15 October 2012

Humility and trust should frame PSC

It is almost as though the Tamil National Alliance is a creature of Delhi, for that party rushes to India at the drop of a hat.  This time around, Delhi has told the TNA to talk with the Government of Sri Lanka.  The TNA states that its position with respect to the Parliamentary Select Committee set up to resolve the so-called ‘Ethnic Question’ has not changed.    

Government-TNA talks came to a halt when the TNA demanded that joining the PSC must be preceded by an agreement on a ‘solution’, an eventuality which would make the PSC nonsensical.  Delhi sending the TNA back to the Government, then, must be read as a polite way of saying ‘The PSC is the way to go’.  Mistrust and arrogance by one of many or all parties will ensure that the impasse continues. 

The TNA may have legitimate reasons to be wary but that’s a boot that the Government can also wear with respect to the TNA.  If everyone trusted everyone else, then all the world’s problems would be resolved over a cup of tea.  This is why people have to discuss, negotiate and compromise. 
With the PSC, the Government has created an opportunity for as representative a debate as there can be given realities.  Everyone will have their preferred ‘solution’.  Nothing wrong in that.  On the other hand if people walk in thinking ‘It’s my way or the high way’.  For example. We’ve had dollar and euro hungry NGOs using ‘federalism’ as synonyms of both ‘negotiations’ and ‘peace’.  This ‘fixes’ discussion into a one-outcome straightjacket.  It kills possibility.

The PSC should not begin, therefore, with arguments about outcome.  The key word must be process.  It is when there are no preconditions about outcome that discussion makes sense.  This is why Northern Ireland and in South Africa succeeded in forging an agreement that could work and to a large extent has worked.

First things first.  In a context of mis-naming culprit and mis-articulating grievance, where exaggerated claims and frilling of history have inflated egos and much else, sanity calls for a sober laying out of problems, be they about history, homelands, citizenship anomalies, neglect, discrimination or anything else.  The details must be given. Claim must be substantiated.  Nothing should be hidden.  If territories and people are talked about, then historical claim must be backed with evidence and demographic realities must be tabled.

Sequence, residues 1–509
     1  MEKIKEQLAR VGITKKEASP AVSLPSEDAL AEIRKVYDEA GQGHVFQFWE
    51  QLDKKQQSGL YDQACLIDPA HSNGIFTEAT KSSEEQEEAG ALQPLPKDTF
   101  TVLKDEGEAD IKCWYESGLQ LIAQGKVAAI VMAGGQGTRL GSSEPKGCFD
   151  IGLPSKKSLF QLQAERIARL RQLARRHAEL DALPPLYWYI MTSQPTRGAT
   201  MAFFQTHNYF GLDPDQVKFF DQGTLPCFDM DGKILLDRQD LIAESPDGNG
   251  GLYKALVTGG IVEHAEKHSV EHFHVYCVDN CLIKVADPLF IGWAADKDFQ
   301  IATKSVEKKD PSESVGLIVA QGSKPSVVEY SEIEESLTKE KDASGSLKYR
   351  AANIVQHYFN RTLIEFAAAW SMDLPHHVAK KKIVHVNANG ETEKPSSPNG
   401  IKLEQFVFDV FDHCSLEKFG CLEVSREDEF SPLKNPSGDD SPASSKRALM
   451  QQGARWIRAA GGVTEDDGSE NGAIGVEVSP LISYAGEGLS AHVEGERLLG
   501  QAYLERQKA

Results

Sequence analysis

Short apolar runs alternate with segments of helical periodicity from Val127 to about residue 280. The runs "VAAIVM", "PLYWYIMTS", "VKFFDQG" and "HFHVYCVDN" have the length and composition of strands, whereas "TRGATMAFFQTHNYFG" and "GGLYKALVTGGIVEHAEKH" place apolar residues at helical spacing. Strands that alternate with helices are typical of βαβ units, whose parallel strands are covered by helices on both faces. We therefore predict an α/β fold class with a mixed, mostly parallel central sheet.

If the PSC does not yield an outcome acceptable to everyone, then it would not mean that the Government has ‘cheated’ the TNA or the Tamil people, but rather that politicians have cheated the entire citizenry.  

Those mandated to represent at the PSC would do well to keep in mind that they would not be trusted not only by groups with ideological or political differences but the people in general too.  Politicians have played the ethnic soccer game using the people as the ball for too long for anyone to believe they will do anything different.  This then is an opportunity to put those reservations to rest. 

Humility must chair the discussions.  There is no one who can claim innocence for all that has happened.  It is easy to point fingers, easy to practice rhetoric, easy to turn things into something like a school debate.  It is tough to take a hit, step back, smile and get back to the harder task of being rational and farseeing.  

Political ‘doability’ must frame everything.  At the end of the day all citizens must benefit.  Given that communities are not contained in specific geographies, ‘solutions’ must be sought in mechanisms where citizen has respect, meaning and equality before the law, irrespective of identity marker.  Everyone should feel that finally ‘Sri Lanka’ is a name they can identify with and this island should be a place that they can shout and tell the world is their home, now and always. 




Anonymous said...

A committee with the label, "All Parties Committee"(APC)had its' proceedings for a very long period and made its' recommendations. What's the need of having another committee for the same purpose? Why can't authorities consider the recommendations of the APC and implement the suitable ones. The right thinking people do not understand the need to have another PSC.